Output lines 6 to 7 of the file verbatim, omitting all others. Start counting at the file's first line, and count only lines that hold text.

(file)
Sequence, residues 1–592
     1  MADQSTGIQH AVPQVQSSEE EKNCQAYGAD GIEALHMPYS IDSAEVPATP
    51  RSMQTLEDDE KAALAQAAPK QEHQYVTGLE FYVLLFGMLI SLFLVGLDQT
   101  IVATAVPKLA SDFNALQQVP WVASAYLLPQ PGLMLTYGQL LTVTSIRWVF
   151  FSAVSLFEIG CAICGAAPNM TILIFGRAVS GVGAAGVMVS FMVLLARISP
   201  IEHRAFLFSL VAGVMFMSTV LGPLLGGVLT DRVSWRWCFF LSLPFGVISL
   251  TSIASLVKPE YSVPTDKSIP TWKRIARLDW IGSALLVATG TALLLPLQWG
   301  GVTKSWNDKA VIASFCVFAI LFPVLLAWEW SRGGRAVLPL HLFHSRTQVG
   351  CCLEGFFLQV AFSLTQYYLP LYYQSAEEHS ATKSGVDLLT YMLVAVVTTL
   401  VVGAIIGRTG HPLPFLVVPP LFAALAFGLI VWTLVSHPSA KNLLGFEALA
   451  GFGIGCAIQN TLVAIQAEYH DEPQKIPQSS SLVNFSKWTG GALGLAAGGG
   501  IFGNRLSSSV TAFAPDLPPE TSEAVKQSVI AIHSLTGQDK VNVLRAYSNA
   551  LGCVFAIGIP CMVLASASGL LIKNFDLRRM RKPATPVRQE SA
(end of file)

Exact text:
   201  IEHRAFLFSL VAGVMFMSTV LGPLLGGVLT DRVSWRWCFF LSLPFGVISL
   251  TSIASLVKPE YSVPTDKSIP TWKRIARLDW IGSALLVATG TALLLPLQWG